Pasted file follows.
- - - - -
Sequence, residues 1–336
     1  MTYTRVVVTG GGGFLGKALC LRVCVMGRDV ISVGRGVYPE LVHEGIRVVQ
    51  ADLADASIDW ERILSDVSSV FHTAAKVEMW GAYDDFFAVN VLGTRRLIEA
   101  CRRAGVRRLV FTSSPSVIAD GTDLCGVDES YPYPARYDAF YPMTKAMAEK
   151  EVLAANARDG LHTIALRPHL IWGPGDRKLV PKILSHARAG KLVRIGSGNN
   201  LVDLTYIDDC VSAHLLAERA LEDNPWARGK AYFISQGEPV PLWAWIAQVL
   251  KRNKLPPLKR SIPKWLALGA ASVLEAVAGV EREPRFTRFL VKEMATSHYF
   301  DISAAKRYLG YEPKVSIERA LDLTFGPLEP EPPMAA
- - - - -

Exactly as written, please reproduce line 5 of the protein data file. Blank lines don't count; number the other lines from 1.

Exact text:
   151  EVLAANARDG LHTIALRPHL IWGPGDRKLV PKILSHARAG KLVRIGSGNN